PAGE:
3D Models of Museum Artifacts Virtually Put History at Your Fingertips

D-briefBy Breanna DraxlerNov 15, 2013 2:03 AM


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What's the problem with visiting a museum? Those pesky reminders that you can't touch anything. But now the world's largest museum and research complex is changing all that.

This week the Smithsonian launched the beta version of its new 3D modeling program. The X 3D Explorer

 scans artifacts in the museums' collections to make interactive, digital versions that are accessible online. Not only can you inspect the items from any angle, and zoom in for more detail, but you can even print out scale models. That's right---those of you with 3D printers can make your very own Alaskan Dakl’weidi clan leader's killer whale hat


In the past few months, the Smithsonian has digitized 20 artifacts from among the 137 million in its museum collections. This number may seem low, but keep in mind that the process is pretty involved. With a fossilized wooly mammoth, for example, researchers had to scan the skeleton from 60 different angles to capture all its anatomical details. Forbes puts this into perspective,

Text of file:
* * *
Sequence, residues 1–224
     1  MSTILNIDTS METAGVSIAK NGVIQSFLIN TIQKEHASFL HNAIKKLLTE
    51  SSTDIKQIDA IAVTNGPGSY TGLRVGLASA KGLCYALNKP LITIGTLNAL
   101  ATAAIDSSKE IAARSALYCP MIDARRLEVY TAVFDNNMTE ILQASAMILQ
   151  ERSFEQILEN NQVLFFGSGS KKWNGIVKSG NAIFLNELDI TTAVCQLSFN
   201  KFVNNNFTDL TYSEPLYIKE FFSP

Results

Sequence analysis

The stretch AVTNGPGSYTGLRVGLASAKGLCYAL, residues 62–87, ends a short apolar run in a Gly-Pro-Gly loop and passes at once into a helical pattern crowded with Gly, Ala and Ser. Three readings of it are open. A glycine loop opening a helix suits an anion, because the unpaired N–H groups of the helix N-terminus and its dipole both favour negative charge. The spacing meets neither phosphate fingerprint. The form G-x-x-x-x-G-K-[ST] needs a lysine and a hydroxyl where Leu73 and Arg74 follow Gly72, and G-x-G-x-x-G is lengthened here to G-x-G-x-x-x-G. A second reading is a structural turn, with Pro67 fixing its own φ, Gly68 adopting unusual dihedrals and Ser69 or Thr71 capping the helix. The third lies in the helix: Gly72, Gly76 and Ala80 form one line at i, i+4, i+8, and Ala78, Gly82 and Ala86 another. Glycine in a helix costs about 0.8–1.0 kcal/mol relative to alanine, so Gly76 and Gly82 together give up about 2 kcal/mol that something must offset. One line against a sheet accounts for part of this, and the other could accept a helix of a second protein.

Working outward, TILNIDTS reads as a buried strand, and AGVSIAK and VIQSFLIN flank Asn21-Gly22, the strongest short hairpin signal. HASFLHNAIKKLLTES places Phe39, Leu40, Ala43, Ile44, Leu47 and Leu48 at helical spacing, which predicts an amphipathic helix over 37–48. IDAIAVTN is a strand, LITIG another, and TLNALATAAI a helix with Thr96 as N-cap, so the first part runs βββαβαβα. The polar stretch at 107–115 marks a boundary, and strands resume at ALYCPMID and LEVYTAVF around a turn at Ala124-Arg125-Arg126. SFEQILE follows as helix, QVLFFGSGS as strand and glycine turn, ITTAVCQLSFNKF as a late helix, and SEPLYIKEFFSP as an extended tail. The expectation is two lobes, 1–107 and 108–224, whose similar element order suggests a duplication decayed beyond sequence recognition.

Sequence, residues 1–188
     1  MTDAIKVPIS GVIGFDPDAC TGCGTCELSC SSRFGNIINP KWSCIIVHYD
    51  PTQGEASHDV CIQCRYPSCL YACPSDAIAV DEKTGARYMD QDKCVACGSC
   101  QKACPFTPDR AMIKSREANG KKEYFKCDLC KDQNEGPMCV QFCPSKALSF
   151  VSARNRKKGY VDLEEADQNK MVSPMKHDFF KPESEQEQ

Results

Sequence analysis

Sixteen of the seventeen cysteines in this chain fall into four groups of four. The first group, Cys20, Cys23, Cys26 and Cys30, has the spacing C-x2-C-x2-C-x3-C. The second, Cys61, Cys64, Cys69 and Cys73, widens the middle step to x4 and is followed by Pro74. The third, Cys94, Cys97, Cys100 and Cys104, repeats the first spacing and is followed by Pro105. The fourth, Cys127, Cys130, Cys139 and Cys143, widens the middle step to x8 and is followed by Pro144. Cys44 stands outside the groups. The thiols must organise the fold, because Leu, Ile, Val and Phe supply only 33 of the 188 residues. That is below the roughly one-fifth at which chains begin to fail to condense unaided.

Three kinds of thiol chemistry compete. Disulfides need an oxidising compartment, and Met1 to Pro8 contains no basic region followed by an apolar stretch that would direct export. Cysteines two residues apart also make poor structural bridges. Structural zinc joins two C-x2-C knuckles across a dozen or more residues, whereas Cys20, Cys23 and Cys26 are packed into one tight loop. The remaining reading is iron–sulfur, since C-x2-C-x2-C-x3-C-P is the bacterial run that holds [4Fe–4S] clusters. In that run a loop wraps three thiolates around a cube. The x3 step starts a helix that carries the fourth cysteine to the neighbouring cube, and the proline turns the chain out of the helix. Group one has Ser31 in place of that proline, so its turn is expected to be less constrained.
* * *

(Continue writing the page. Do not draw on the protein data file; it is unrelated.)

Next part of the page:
If the Smithsonian were able to digitize an object every minute, it would still take 270 years of working around the clock every day to capture the entire archives in 3D.

Analyzing Artifacts in 3D

Beyond artifactual figurines, the 3D archive initiative has some real educational aims. Digitization director Günter Waibel describes

 how the program can overcome some of the space limitations of physical museums:

With only 1% of collections on display in Smithsonian museum galleries, digitization affords the opportunity to bring the remaining 99% of the collection into the virtual light.

If now-extinct animals don't do it for you, the collection of three-dimensional digital artifacts also includes plenty of stuff for history buffs, like the Wright brothers' plane, a gunboat from the Revolutionary War, and Amelia Earhart's flight suit. Plus the digitization team

plans to archive a few dozen more digital artifacts every year. And you can touch them all you want at Smithsonian's interactive online gallery


Image credits: Smithsonian X 3D

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